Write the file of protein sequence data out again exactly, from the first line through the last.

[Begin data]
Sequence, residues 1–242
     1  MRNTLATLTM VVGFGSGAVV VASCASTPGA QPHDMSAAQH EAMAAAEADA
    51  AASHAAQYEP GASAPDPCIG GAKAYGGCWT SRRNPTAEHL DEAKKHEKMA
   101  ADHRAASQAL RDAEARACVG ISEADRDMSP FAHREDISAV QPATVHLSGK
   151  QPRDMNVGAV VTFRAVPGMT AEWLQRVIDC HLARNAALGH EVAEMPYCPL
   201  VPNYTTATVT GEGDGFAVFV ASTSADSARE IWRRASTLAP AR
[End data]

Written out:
Sequence, residues 1–242
     1  MRNTLATLTM VVGFGSGAVV VASCASTPGA QPHDMSAAQH EAMAAAEADA
    51  AASHAAQYEP GASAPDPCIG GAKAYGGCWT SRRNPTAEHL DEAKKHEKMA
   101  ADHRAASQAL RDAEARACVG ISEADRDMSP FAHREDISAV QPATVHLSGK
   151  QPRDMNVGAV VTFRAVPGMT AEWLQRVIDC HLARNAALGH EVAEMPYCPL
   201  VPNYTTATVT GEGDGFAVFV ASTSADSARE IWRRASTLAP AR